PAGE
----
Digital Difference: Perspectives on Online Learning edited by Ray Land and Sian Bayne
Synopsis: A sense of disquietude seems ever present when discussing new digital practices. The transformations incurred through these can be profound, troublesome in nature and far-reaching. Moral panics remain readily available. Discussing the manner in which digital culture within education might differ from its ‘analogue’ predecessors incurs the risk of resorting to increasingly roadworn meta¬phors of new frontiers, ‘cyber’ domains, inter-generational conflicts and, inevitably, the futurist utopias and dystopias characterised by Western media throughout the twentieth century. These imaginings now seem to belong to an earlier era of internet thinking. We are freer, over two decades on, to re-evaluate digital difference from new perspectives. Are digital learning environments now orthodox, or do the rapidly emerging technologies hold a new promise and a new arena of difference for pedagogical practice? What are the points of rift, and the points of continuity, between virtual learning spaces and their equivalents in the real? What qualities of difference should concern us now? The writings in this collection from three continents reflect a complex embrace of culture, power and technology. Topics range from social questions of consumption, speed, uncertainty, and risk to individual issues of identity, selfhood and desire. Ethical issues arise, involving equity and authority, as well as structural questions of order and ambiguity. From these themes emerges an engaging agenda for future educational research and practice in higher education over the coming decade. The book will interest teachers, practitioners and managers from all disciplines, as well as educational researchers.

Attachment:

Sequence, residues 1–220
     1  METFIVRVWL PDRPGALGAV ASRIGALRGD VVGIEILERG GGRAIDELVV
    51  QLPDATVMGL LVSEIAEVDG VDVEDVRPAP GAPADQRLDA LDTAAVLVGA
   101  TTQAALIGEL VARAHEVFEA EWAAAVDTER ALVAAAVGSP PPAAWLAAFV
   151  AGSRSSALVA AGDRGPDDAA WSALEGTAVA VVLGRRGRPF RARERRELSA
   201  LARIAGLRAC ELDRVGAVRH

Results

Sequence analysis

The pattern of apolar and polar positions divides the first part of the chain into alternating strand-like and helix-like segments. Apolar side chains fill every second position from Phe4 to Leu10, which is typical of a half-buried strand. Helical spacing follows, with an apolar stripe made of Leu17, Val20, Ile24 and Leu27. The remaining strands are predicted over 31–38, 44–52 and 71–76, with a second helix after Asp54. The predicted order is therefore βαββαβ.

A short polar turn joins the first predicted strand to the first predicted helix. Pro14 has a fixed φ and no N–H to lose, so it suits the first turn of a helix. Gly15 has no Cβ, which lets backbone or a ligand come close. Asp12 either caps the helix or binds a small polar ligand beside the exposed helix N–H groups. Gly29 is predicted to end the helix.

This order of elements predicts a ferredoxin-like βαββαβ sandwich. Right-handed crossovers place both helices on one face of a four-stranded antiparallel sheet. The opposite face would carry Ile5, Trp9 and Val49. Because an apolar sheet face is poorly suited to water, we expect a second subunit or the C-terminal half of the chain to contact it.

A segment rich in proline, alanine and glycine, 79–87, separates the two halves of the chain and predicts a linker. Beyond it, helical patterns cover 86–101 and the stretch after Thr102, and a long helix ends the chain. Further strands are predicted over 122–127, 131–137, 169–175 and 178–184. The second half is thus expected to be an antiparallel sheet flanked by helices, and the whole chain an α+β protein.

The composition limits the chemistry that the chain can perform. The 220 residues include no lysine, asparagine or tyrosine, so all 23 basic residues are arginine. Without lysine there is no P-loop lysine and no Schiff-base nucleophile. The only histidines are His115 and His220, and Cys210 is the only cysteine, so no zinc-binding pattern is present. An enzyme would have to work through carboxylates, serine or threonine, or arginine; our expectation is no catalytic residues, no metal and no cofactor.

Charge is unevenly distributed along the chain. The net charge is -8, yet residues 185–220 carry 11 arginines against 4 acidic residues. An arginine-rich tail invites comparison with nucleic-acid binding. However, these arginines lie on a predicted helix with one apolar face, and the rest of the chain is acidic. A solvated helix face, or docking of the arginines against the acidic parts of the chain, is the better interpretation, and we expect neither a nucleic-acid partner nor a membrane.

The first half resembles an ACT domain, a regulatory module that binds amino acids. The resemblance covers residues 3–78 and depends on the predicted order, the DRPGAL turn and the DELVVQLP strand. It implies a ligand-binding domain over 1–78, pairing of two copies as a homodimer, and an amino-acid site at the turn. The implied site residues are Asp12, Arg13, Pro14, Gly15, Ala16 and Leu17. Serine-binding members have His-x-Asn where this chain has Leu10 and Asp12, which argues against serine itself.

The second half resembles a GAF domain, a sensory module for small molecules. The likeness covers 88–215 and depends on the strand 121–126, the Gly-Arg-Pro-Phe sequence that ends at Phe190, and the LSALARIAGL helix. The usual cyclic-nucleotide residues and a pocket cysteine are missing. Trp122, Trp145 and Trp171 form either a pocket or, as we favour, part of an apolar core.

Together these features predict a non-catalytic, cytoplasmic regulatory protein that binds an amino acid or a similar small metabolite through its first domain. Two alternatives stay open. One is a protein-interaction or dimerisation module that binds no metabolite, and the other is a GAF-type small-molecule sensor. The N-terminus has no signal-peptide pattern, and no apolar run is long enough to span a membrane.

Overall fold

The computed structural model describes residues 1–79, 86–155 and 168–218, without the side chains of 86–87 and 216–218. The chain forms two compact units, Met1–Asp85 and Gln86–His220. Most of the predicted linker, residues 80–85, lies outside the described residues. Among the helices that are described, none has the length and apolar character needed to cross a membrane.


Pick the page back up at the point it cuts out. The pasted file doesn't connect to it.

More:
Published: 2011 | ISBN: 9789460915789
Mini-bio: Ray Land is Professor of Higher Education at Durham University and Director of Durham’s Centre for Academic Practice.
This edited volume presents a lovely combination of chapters presenting a critical view of the idea that there is a ‘net generation’ at odds with other generations, and explores the multitude of ways that technologies transform and destabilise relations and authorities, among many other things. – From 10 Great Books on Technology
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